You're either in or out with the films of Bobcat Goldthwait. The 1980s comedian/actor turned auteur has written and directed four of 'em so far, all of which have hinged on a solidly profane premise meant to shock audiences into laughter.
There's the one about the girl who once performed oral sex on a dog (Sleeping Dogs Lie, surprisingly sweet given the underlying device at play), the one where a man's son dies from auto-erotic asphyxiation (World's Greatest Dad), and, my personal favorite, Bobcat's alcoholic clown movie, Shakes the Clown, which opens with a child urinating on the actor's face in a bathroom. In short, Goldthwait has a tendency to rely on outrageous scenarios more than plot to drive his work behind the camera, a characteristic which hasn't shifted at all with his latest release, God Bless America.
What we have here, folks, is a comedy about a pair of serial killers, an older man, Frank (Joel Murray), and a teenage girl, Roxy (Tara Lynne Barr), who go on a killing spree to protest the downward trajectory of American culture. Frank's divorced, living next to a pair of white trash douchebags, and has been both recently laid off and diagnosed with a brain tumor. Disgusted by the endless amount of human degradation on display on reality television and tabloid journalism, he decides to kill himself. When that doesn't work out, Frank figures; why not turn the gun on those causing his frustration?
God Bless America is a savage and darkly funny screed against the dumbing-down of American life. It shares a lot in common with Mike Judge's 1996 dystopian comedy Idiocracy, both films imagine (or is it perceive) a continually regressing state of popular discourse, turning the nation into an upside-down world where idiocy is applauded by the masses.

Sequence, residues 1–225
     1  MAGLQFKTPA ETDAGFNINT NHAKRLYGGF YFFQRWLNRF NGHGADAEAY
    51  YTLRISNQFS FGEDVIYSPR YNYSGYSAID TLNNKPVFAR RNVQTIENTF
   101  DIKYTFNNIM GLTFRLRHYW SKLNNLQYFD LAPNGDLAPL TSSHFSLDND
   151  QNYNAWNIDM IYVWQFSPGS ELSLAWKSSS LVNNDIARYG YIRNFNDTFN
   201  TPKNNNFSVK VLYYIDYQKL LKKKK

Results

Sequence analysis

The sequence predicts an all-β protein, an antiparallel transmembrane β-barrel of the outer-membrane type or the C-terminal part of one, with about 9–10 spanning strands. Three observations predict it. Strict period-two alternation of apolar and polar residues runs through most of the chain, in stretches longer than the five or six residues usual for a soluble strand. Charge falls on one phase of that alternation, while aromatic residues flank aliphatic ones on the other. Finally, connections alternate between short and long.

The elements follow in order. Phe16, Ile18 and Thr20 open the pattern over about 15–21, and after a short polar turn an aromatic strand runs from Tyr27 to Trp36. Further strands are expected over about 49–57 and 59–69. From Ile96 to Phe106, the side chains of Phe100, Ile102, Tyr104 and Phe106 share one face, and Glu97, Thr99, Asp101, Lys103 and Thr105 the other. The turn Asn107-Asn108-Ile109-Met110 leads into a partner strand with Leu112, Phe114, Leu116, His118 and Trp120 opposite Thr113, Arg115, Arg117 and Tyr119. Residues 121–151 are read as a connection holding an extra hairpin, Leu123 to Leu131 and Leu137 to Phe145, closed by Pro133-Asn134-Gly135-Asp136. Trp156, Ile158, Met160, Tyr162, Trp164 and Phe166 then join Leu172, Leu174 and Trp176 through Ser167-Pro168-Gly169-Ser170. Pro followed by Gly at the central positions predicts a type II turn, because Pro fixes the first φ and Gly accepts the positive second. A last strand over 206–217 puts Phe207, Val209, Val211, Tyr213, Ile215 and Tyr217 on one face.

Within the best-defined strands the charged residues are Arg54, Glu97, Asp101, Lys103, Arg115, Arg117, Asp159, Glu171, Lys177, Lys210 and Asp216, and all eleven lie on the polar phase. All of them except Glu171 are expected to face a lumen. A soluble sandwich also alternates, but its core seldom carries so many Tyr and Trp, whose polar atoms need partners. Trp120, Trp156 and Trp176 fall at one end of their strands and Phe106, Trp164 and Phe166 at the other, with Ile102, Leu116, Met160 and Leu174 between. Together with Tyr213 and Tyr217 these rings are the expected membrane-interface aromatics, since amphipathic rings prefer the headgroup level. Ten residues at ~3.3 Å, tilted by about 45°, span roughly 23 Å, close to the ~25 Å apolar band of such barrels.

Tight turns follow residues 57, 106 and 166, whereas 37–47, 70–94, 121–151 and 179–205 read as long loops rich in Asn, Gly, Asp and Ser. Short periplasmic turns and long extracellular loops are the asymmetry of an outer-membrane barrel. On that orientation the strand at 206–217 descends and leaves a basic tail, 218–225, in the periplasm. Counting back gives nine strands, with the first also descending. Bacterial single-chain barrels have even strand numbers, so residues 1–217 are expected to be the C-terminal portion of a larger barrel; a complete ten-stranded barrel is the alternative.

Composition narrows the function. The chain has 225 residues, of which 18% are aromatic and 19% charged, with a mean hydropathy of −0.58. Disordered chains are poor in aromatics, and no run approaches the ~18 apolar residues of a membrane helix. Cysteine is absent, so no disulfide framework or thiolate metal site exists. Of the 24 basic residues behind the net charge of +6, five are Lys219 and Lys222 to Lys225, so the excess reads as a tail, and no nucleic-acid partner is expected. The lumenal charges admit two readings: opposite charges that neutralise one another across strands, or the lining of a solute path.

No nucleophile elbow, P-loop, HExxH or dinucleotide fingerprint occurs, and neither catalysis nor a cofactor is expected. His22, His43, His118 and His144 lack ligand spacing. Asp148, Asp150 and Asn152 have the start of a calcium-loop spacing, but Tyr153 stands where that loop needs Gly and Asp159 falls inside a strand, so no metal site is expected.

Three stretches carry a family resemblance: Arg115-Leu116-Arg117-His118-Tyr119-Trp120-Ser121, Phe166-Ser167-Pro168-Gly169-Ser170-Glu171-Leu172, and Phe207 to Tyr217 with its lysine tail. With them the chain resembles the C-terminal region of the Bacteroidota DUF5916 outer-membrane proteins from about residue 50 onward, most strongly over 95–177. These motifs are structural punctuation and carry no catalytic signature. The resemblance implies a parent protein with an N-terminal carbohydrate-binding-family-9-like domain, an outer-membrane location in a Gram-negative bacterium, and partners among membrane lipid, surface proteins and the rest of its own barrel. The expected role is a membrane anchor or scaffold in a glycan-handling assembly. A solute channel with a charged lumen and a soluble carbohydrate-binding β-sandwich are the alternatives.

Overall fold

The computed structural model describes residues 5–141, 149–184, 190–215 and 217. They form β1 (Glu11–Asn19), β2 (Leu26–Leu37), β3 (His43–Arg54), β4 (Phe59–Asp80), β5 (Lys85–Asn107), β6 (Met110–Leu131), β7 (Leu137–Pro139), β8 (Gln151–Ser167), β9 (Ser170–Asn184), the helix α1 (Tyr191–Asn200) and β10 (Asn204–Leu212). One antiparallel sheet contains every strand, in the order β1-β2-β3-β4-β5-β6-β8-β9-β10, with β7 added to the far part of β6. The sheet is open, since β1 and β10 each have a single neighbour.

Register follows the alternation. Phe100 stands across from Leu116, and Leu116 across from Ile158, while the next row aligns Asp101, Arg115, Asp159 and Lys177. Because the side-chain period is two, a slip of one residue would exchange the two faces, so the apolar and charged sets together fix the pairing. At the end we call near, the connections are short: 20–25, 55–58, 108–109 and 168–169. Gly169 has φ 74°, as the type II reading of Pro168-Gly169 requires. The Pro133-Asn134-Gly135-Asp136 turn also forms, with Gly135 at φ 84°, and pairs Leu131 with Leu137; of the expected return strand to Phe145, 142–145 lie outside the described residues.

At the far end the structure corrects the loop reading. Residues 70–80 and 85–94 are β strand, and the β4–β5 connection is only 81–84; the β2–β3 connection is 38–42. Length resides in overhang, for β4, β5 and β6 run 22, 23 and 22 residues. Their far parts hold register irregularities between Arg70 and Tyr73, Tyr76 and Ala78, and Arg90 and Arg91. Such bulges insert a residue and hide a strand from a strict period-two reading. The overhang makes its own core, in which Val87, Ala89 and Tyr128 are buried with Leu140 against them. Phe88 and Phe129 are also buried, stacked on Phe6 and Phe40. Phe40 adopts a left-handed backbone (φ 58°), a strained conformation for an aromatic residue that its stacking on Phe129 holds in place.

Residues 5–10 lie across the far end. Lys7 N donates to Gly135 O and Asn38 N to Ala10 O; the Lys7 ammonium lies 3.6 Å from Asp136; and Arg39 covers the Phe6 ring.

It's not difficult to hear Goldthwait's voice behind any place in the film where Frank begins to rant against what he identifies as the problems of this world; the character serves primarily as a mouthpiece for Goldthwait's assaults against Hollywood, conservatives, and whatever else pisses him off. At times, it feels like outtakes from one of Goldthwait's standup routines with a lil' gun play added into the mix. If you're a fan of the comic's caustic ravings, those moments are thrilling.
Unfortunately, the film does feel a little padded at times. The killings become repetitious and the targets begin to blend together, if only for their patent obviousness. The violence never approaches the mind-numbing depths of films like Kick-Ass or 300; Goldthwait's too smart to sink that low, but it does keep the film from completely fulfilling the promise of its setup. So it's not a perfect film, but it's quite watchable. And, if you can get down with the basic idea, really funny.
God Bless America begins its run at the Hollywood Theatre on Friday, May 18th. More info available here.
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